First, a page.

i have written in http://sourceforge.net/mailarchive/message.php?msg_id=29490187 today ie 2012-07-22 at 13:14 UTC+4 :
another reason for that there are no cases in turkic languages:
we can add other postfixes after that postfixes, for example, loq, raq: oyda – at home, oydalik – being at home, that somebody is at home. urmanga – in direction to the forest, urmangaraq – more in direction to the forest.
and this is not possible with cases in russian.
and an other reason:
this postfixes in turkic languages are not hardly separated from other suffixes, and also not technically/grammatically separated. so all other suffixes also can be easily considered as case suffixes. for example, lo and siz, which are mentioned by you. also, even more suffixes: cho, corresponds to “er” in english: ischi – worker. since “nin” suffix, that means “of”, is considered as case suffix, “cho” also can. by the way how grammarians so easily have included “nin” to case suffixes? it is only one of them 6 in tatar which generally creates word that describes noun, others all generally describe verb, and, in distinction from them, it generally requires “(s)i(n)” suffix added at end of the word (noun) it describes. (all other suffixes are used to create different arguments of main verb of sentence, and nin suffix is not, so it looks like it is just copied from existence of russian genitiv.) though lo and siz and cho and others differ from “nin” with that they do not require “(s)i(n)” at end of the word described, they could be considerd as suffixes, by this logic, i think.
main mistake made by grammarians is that they have not understood why these categories are considered in european languages. of course same semantic meanings there are in all languages, and they just copied, “created” (in quotes) categories in turkic languages, corresponding semantically to words that are in different categories in european languages. that is possible, but that is not correct. same mistake is made not only by turkic grammmarians but also by english grammarians.
error in english grammar is with categorisation in adverbs, adjectives, nouns, while these are always marked in russian language, they are not always marked in english, so, there are no such categories in english grammatically. same is in turkic languages. as in jonathan’s example “without coins” – “tiyinsiz”. other example: “fast”. it can be adverb and adjective, and many meanings of them, ie, meanings of it as adjective and of it as adverb are same. and in meanings that are not same, it is just because it semantically cannot be adverb or adjective. for example, in http://en.wiktionary.org/wiki/fast : “Of people: steadfast, with unwavering feeling” , has not corresponding meaning as adverb. but it just cannot be semantically. also “(computing, of a piece of hardware) Able to transfer data in a short period of time”. “Of dyes or colours: not running or fading when subjected to detrimental conditions such as wetness or intense light; permanent [from 17th c.]” meaning i think could be used as adverb, for example, with verb “color”: “to color fast”. maybe it is used? i think it is used and just semantically just merged/fused with “In a firm or secure manner, securely; in such a way as not to be moved [from 10th c.]” meaning. ” Immediately following in place or time; close, very near [from 13th c.]” is only adverb. could not it be adjective? i think it could, for example, something like “fast arrival”. i do not know real english well, so better you investigate this. what about nouns. i mentioned also nouns. can these be nouns? – adjectives can be just used as nouns, are not they? somebody can say 2 critics: 1. noun can have “s” plural suffix, adjectives cannot, adjectives can have “er” suffix, nouns cannot, but i can argue with that these also just semantically cannot be used, and why not? they can be used both: fasters . and gramatically just plural suffix in english is used only once after block after words, (like in turkic languages), it is not used after so called “adjectives” just because that, only when they have a word after them, ie not last word of block of word. as i shown, if it is last word, it can have that suffix, though with existence of “er” it is considered “adjective” by modern grammarians. 2. other possible critic: in english adverbs, adjectives, nouns has different positons in sentence. my answer: that is other thing, that is about role in sentence. for example, “i am fast” – here it is object role. “i go fast” – here it is in adverbial role. (this is because “am” generally requires object here, and “go” requires not direct object but indirect object or adverbials.) noun or adverb range of meanings are distinguished just semantically, without grammatical markers. it is like when we say “leg of man” and “leg of elephant”, its corresponding meaning is automatically semantically selected, leg of men and and elephant are not same.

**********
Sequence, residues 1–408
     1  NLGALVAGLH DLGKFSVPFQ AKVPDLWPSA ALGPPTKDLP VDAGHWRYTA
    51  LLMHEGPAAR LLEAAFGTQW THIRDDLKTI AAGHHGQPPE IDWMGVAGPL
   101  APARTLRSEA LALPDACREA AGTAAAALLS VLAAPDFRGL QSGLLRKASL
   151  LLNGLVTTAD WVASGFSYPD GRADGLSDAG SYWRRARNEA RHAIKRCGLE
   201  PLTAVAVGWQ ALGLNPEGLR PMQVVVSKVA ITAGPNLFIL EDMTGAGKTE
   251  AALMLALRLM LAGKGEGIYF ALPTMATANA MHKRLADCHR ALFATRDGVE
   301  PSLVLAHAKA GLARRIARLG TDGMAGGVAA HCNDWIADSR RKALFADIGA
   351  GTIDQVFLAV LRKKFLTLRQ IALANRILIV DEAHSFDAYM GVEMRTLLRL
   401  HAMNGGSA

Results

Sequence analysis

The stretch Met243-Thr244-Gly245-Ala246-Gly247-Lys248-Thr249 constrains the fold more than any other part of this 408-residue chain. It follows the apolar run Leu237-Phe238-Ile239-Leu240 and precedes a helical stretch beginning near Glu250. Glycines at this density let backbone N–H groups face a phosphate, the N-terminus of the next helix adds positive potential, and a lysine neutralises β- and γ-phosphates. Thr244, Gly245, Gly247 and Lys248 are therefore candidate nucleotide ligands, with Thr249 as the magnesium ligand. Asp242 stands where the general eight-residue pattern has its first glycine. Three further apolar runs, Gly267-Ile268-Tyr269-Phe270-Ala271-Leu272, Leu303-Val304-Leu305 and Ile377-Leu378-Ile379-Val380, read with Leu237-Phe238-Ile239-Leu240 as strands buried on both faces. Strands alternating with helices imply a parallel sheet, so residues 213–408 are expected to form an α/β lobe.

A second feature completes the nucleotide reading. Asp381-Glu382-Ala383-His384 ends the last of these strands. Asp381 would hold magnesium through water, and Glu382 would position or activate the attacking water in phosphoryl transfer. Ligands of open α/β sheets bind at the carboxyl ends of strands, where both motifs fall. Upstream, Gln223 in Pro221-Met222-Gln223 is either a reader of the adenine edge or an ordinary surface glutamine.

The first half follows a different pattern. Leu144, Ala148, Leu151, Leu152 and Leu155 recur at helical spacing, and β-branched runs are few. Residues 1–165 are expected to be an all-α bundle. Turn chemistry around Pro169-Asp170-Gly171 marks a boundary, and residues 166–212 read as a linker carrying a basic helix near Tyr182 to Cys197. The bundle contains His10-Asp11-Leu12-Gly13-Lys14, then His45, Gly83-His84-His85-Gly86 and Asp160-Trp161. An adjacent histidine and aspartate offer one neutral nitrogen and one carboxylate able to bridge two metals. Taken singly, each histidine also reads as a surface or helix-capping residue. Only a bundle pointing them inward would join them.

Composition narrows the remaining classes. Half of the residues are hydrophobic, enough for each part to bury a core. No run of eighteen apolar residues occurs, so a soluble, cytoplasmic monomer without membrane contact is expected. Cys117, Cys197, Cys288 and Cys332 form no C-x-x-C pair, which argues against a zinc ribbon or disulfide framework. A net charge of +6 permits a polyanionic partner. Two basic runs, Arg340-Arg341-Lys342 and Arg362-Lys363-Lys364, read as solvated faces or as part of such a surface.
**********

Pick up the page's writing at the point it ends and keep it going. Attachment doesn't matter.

same in turkic languages. there positions of “nouns”, “adverbs” are different from that in english, “adjectives” ie words in adjective role are at same position as in english – before described noun.